Band Spotlight: Bloodhound

In our latest Band Spotlight, we speak to Max Lilley of Hull alternative rock powerhouse, Bloodhound. Hey dude, how are you doing? Very well thank you! Talk us through Bloodhound’s […]

In our latest Band Spotlight, we speak to Max Lilley of Hull alternative rock powerhouse, Bloodhound.

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Hey dude, how are you doing?

Very well thank you!

Talk us through Bloodhound’s mission statement?

I think as a band, we aim to try and advance our sound as much as possible and make it as interesting to our listeners as we can. We’re always introducing new techniques, writing methods and sounds into our music. We set out to make a name for ourselves and we want to make sure modern grunge and rock music gets the recognition it deserves in this rather pop-infested industry.

What do you think of Hull’s rock scene?

Hull’s rock scene is fantastic, there are a whole host of great bands out there. We find it’s really easy to get on with other bands because everyone is just so nice. Out of any of the places I’ve lived, Hull probably has the strongest rock scene purely because of the quality of the music the bands are producing on this scene. There’s a real sense of drive to make every new bit of material better than what has come before and people get on board with that and help no matter what. It’s a great community.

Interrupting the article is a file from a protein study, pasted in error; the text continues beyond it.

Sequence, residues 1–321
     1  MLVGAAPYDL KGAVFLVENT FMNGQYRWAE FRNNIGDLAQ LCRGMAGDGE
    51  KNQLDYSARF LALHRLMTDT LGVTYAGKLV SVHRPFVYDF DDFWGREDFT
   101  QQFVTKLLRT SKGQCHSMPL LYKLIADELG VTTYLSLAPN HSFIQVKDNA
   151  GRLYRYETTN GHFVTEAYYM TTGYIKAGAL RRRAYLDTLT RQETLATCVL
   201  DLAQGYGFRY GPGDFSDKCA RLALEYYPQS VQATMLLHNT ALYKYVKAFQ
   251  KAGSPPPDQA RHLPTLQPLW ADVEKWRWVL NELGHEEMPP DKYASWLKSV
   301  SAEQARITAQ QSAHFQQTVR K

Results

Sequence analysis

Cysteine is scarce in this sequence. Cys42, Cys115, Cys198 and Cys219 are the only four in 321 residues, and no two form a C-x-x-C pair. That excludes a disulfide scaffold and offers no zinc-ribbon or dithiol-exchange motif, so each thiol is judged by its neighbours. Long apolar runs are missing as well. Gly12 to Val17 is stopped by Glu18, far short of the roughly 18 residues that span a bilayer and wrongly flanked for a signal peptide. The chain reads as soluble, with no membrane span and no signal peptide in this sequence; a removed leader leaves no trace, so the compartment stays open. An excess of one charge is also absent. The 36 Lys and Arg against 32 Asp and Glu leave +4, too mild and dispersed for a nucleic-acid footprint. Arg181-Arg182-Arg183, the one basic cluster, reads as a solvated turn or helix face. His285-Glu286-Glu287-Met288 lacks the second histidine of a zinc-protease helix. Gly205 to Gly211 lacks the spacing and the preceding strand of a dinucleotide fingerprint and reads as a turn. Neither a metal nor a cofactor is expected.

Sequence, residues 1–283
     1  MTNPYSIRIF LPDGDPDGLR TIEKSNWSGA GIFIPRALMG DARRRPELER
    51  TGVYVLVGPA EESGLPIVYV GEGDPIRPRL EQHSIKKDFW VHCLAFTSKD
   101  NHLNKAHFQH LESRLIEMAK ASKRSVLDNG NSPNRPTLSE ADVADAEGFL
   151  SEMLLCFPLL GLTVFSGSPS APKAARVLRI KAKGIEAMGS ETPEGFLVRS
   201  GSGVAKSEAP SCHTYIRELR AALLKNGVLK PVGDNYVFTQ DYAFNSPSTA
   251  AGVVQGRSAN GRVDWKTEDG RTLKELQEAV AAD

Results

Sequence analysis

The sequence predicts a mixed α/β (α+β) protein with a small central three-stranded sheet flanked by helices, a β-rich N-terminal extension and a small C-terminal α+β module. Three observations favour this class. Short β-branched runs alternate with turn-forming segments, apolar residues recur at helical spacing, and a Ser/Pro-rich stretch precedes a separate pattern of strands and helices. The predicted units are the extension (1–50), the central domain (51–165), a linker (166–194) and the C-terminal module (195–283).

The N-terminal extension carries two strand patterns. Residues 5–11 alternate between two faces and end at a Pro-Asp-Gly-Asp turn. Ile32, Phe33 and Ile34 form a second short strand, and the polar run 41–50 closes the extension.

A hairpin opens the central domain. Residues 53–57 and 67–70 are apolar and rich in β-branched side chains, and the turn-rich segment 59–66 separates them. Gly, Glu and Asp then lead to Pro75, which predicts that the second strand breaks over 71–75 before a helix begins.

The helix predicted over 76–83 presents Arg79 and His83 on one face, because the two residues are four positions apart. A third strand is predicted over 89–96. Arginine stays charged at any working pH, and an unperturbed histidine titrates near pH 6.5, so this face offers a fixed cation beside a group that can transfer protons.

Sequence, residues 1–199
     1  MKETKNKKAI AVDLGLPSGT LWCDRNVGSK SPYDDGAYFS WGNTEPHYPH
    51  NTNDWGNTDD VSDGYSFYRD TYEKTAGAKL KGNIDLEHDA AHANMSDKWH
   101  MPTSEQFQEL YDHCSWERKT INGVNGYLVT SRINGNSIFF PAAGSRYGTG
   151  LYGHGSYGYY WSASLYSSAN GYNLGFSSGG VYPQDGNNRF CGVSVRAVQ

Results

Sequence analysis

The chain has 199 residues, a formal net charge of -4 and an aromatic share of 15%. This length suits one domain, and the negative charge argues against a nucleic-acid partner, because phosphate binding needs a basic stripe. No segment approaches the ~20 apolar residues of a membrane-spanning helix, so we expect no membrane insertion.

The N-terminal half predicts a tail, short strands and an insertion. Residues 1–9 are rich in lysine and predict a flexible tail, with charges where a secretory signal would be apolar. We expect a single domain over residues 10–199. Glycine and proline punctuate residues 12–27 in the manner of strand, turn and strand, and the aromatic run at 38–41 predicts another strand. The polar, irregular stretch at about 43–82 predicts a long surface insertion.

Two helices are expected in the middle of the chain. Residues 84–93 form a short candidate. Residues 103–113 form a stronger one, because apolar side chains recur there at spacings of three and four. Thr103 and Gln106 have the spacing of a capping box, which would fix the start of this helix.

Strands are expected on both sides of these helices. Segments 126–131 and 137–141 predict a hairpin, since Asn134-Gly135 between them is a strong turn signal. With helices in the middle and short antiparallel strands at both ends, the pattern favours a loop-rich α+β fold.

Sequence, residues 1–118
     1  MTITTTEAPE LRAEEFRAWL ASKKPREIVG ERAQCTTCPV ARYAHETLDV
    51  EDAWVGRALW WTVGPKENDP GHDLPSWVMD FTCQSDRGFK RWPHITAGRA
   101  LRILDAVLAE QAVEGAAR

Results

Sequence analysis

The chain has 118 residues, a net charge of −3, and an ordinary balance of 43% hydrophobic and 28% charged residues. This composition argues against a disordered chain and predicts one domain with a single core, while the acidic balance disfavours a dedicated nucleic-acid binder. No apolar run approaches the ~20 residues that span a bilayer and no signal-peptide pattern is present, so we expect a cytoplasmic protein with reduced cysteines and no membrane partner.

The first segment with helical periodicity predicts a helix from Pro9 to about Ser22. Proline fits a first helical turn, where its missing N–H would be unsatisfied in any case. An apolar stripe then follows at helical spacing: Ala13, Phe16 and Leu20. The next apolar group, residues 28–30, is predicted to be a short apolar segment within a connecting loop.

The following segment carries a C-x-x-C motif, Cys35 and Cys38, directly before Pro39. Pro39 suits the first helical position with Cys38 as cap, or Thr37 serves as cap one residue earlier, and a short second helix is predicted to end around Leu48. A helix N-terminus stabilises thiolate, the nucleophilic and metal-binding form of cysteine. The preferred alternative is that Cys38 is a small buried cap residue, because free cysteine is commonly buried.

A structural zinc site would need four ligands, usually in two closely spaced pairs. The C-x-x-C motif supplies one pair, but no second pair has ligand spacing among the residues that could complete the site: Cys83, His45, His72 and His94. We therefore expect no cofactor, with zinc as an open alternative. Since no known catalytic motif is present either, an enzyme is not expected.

What keeps you passionate outside of music, think specific people and places?

I sometimes watch and listen to interviews with musicians, authors, presenters, and producers because I find that what they have to say is so incredibly interesting and insightful that it spurs me to go away and use their methods and advice in my own practice and utilise it to fit my situation. I’m not sure about places, the few times a year that I’m sat on a train for a few hours, I tend to have a couple of brainwaves that blossom into some other ridiculous idea but it’s mainly people. Particularly people like Stew Baxter, Mark Page and Dan Mawer who’ve given me more advice about the industry than I could have ever asked for. One of my lecturer’s at university last year, Rowan Oliver, should get a mention as well as he steered me in the right direction when I was organising our first UK tour. People outside of the music umbrella like my family and friends and even sometimes random people that come up to us in the street and say how much they enjoy our music keep me motivated to keep writing and performing.

What are your goals for the rest of the year?

For the rest of this year, we aim to get this new single out into the world and keep the content on the horizon until Christmas really when we have some bigger news to announce. We’re gonna get a video out for this single, change it up a bit and put an acoustic tune out, then get the b-side up on streaming platforms so we’ve always got something else on the way. We’ve got a load of plans for more shows too, both in the new year and before the end of the year, and we want to try and make the single release weekend especially memorable with a few surprises. We want to start this wave of new material with a bang.